• Acting on Climate Change for Sustainable Development in Africa tion living within 100 kilometres of the coast and most cities concentrated there, the vulnerability to marine-induced disaster from tidal waves and storm surges will increase.10. The net effect will be to exacerbate socio-economic vulnerabilities, underminingpeople’s abilities to cope with life in a more hostile climate Known and uncertain aspects of global warming to consider 1. Permanent change: Simply put, changes will be permanent. We will have to live forever with raised temperatures (2˚C, 4˚C…), raised sea levels (1m, 10m…) and changed rainfall patterns. Even with low-carbon development, the planet will take a long time to re-adjust back to previous norms - if ever. 2. Controlled warming: Today, we probably still have some potential control over amounts of future warming. But we must reduce global emissions immediately and radically. Then the level of permanent temperature rise may be manageable. 3. Uncontrolled warming: There are several potential amplifiers of planetary warming. If critical points are reached, we will lose the little influence we currently have. Environ- mental mechanisms will speed up the warming, possibly making planet Earth too hot to support life. 4. Lack of knowledge: We do not fully understand planetary processes. We just do not know how much warming is manageable; how quickly climates will change; how much this will impact our lives. But if we do not respond fast enough, we risk finding out the hard way. 5. Quantifying risk: The risk of hitting critical points rises very rapidly with global tempera- ture change. While an overall rise of 2˚ Celsius may be safe, a rise of 4˚ Celsius is probably unsafe. But what is an “acceptable” level of risk when the future of mankind is at stake? 6. Trends in current emissions: Globally, greenhouse gas emissions are rising faster to- day than the worst case scenario described by the Intergovernmental Panel on Climate Change (IPCC) in their 4th Assessment Report. Emissions from fossil fuel grew around 1 per cent a year in the 1990s, to more than 3 per cent in 2007. 7. Present trajectory: We have already experienced a 0.8˚ Celsius rise. With current emis- sions, we are heading for a commitment of at least 3˚ Celsius and possibly 4˚ Celsius temperature rise, this century. A ceiling of 2˚ Celsius cannot be achieved with a global economy based on fossil fuels. 8. Time-lag: At present rates of increasing emissions, we will be committed to over 2˚C warming around 2025, though this may not be evident in temperature records until near- er 2050. With immediate and drastic emission reductions, we can postpone these dates; but inaction over the last 10 years has severely reduced the window of opportunity. 9. Adaptation: The planet takes decades before emissions fully express themselves in changed climates. This inertia risks giving the false impression that actions to accommo- date a changing climate can wait, until it is too late. 10. Precautionary principles: We need to embark on a global “damage limitation” process using the best available knowledge to manage the risks. We must remain within lim- its deemed manageable. Are the alternatives even worth considering: life on a dying planet?11. Adaptation: While Africa has contributed relatively little to the causes of human-induced climate change, it is among the first and worst to be impacted. For example, itis believed that in Africa many already dry areas will get drier and high rainfall areas willbecome even wetter. So for Africa, adaptation is a much more important and immediateconcern than mitigation. Almost everyone in Africa will be affected by climate change,one way or another. As such, there is widespread need to adapt current practices to “life 5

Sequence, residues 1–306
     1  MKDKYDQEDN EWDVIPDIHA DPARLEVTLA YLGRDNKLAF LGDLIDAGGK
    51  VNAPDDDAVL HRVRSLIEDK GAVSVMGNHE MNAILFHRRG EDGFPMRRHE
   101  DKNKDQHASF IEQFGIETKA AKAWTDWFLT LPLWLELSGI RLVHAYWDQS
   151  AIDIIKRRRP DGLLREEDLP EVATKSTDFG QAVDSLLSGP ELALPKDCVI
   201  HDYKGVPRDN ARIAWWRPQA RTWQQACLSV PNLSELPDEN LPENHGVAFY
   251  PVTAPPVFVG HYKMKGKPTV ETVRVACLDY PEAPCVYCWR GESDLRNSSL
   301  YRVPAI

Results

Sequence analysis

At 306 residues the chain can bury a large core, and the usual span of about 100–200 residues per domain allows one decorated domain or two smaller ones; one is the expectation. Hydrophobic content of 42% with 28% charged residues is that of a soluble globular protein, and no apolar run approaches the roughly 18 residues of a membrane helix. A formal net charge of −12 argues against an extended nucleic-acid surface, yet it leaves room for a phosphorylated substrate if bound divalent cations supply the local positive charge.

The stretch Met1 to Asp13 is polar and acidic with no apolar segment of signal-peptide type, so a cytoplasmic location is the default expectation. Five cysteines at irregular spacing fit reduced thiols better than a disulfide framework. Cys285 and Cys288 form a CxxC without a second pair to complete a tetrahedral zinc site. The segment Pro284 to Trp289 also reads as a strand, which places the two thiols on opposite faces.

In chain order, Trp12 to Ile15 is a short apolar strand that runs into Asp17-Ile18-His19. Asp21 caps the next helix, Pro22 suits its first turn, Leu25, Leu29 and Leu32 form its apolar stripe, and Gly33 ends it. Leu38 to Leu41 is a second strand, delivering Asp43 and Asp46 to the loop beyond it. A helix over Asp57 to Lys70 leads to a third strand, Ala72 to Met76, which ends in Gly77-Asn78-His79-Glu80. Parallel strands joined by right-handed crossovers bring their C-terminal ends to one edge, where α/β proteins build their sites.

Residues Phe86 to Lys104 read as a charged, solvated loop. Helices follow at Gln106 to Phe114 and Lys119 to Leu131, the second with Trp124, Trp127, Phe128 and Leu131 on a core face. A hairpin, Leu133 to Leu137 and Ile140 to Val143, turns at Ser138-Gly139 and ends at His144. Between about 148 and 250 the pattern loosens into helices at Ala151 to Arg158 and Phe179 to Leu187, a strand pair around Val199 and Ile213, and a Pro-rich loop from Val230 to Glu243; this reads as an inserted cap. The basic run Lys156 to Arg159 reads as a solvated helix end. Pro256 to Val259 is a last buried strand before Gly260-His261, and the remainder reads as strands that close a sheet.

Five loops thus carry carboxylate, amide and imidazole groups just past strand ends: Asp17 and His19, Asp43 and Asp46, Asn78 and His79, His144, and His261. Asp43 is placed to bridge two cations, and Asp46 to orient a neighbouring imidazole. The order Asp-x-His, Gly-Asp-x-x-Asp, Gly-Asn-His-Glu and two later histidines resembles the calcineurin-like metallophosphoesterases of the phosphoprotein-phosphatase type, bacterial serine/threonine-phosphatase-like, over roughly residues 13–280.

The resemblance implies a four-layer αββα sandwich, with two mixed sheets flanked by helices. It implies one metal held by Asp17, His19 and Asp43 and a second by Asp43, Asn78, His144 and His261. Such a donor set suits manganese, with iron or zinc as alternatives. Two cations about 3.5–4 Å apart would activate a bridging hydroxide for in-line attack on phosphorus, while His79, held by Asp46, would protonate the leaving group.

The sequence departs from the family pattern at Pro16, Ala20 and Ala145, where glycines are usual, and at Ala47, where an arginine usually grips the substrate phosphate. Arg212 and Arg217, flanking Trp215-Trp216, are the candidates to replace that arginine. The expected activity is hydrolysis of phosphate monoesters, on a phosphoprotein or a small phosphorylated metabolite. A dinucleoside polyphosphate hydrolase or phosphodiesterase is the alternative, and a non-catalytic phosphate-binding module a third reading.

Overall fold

• Seventh African Development Forumin an increasingly hostile climate”. For Africa’s development process to be sustainable,it must be made more resilient to climate change. Further, Africa must be proactive inpreparing for change. This will cost. But it will cost even more if we delay and only reactto changes when forced to do so - like the flood situation in Pakistan earlier this year.12. Living with Uncertainty: What we know about climate change is alarming. Whatwe don’t know is even more worrying. However, an essential feature of managing cli-mate effects is the need to deal with uncertainty. Standard techniques exist for managingrisks. Effective risk management requires understanding and utilizing research outcomesand policy variables, which may be expressed in probability terms. Climate risk manage-ment (CRM) is a recently developed approach for managing existing climate variability,and offers an entry point for also addressing a changing climate. CRM is already practiceda little in Africa (see Issues Paper No. 4) but needs extending to all sectors, scaling up forall countries, and adapting for other aspects of development in a changing climate. Uncertain sea level rise in a warming world The prospect of sea level rise demands careful consideration. Fluctuations of the sea level are normal in the history of the planet. Since the last ice age 20,000 years ago, sea levels have risen by more than 100 metres; but have been stable for the last 7,000 years up until about the year 1900. Now they are rising again, and unless current rates of global warming are mitigated, many major cities of the world will drown during the years ahead*. This, by any definition, is unsustainable global development. How much? How soon? Based on current understanding, sea level rise will be less than a metre during this century. Some analysis suggests much larger rises are possible - maybe one to three metres if emis- sions are not controlled and temperature rises are extreme. If the “less than 2˚C target” is actually achieved, then final sea level might be constrained at about 3 metres. However, nobody is sure because mankind has never heated the planet this way before. Impact in Africa An assessment of the consequences of sea level rise concluded that many millions of people are likely to be displaced in this century. While most countries will be affected to some ex- tent, outcomes will be extremely unfair. Severe impacts will be limited to a relatively small number of countries like Egypt and low lying islands. In other countries, like the Gambia, life will become increasingly difficult. Potential rise in sea level During recent years (1993–2003), average sea level rise has been about 3 mm a year. This has been caused partly by expansion of water as oceans get warmer and partly by melting of land ice, in roughly equal measures. Potentially, melting of all glaciers has a sea-level rise equiva- lent of about half a metre. The complete Greenland ice shelf is equivalent to over six metres and the whole Antarctic ice shelf another 70 metres rise. Any significant meltdown however, would probably take several centuries. * See START Cities at risk http://start.org/programs/cities-at-risk for example 6